EPPO Pest Risk Analysis for Chionaspis pinifoliae (Hemiptera: Diaspididae), pine needle scale
Based on this PRA, Chionaspis pinifoliae was added to the EPPO A1 List of pests recommended for regulation as quarantine pests in 2022. Measures for host plants for planting and cut branches (including Christmas trees) are recommended
Entry: Several EPPO countries already prohibit the import of most host plants for planting and cut branches (including Christmas trees) (e.g. Abies, Cedrus, Juniperus, Larix, Picea, Pinus, Pseudotsuga, Taxus and Tsuga in the EU). However, there are EPPO countries where the import of these host plants is not prohibited. Therefore, the likelihood of entry in the EPPO region was considered as high with a high uncertainty; the highest rating being for host plants for planting (except seeds, tissue cultures, pollen) and cut branches of hosts (including Christmas trees) into countries where there is no import prohibition.
Establishment: As climatic conditions appear to be suitable, the likelihood of establishment of C. pinifoliae outdoor in the EPPO region was considered very high with a low uncertainty. Chionaspis pinifoliae is not known as a pest under protected conditions, but it was considered as able to establish and difficult to control in greenhouse production, as is the case for other scale insects.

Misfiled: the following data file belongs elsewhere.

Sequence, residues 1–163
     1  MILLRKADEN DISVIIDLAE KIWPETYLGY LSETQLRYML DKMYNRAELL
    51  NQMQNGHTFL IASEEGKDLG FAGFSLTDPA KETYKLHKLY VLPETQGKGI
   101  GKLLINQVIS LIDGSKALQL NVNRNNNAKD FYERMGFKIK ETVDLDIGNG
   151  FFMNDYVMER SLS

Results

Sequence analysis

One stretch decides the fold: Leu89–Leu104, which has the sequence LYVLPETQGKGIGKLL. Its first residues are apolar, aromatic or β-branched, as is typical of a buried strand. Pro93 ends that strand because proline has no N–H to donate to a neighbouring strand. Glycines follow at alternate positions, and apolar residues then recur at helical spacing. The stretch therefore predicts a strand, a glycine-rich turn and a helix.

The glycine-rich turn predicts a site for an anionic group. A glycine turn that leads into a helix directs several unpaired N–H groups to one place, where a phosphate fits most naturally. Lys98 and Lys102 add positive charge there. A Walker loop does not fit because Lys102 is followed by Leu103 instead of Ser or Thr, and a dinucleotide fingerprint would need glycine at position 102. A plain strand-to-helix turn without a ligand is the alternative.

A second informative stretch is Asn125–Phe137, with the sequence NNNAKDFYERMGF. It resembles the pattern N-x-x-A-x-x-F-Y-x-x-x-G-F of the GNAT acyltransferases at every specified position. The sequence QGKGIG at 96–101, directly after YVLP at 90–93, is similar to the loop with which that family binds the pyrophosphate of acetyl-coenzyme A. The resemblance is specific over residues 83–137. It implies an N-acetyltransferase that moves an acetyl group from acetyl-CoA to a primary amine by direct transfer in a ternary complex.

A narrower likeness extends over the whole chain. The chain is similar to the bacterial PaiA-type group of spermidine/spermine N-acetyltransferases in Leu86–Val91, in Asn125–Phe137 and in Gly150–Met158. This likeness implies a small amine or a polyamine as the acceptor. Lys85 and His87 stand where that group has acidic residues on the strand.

The magnitude of spread was considered moderate with a moderate uncertainty. The pest is mostly sedentary but could spread long-distances either naturally via wind, or with human assisted spread. The ability to reproduce parthenogenetically when there are no males around allows a single female to potentially establish a new population, which greatly increases its spread capacity. Chionaspis pinifoliae is known to have been moved with plants for planting and cut branches of hosts (including Christmas trees), a phenomenon which is expected to increase the spread rate.
Impact (economic, environmental and social) was considered high with a moderate uncertainty. Host plants are major forest, ornamental, and nursery trees in the EPPO region. Chionaspis pinifoliae only occasionally kills trees, but is difficult to control, especially on ornamental trees (e.g. in urban environment) and in nurseries. Pinus sylvestris and P. mugo, which are native to the EPPO region and widely distributed, are reported to be particularly susceptible.
Phytosanitary measures to reduce the probability of entry: The EWG considered that phytosanitary measures should be recommended for all host plant genera. Risk management options are considered for host plants for planting (except seeds, tissue cultures, pollen) and cut branches of hosts (including Christmas trees).
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- Bosnia and Herzegovina
- Czech Republic
- North Macedonia
- United Kingdom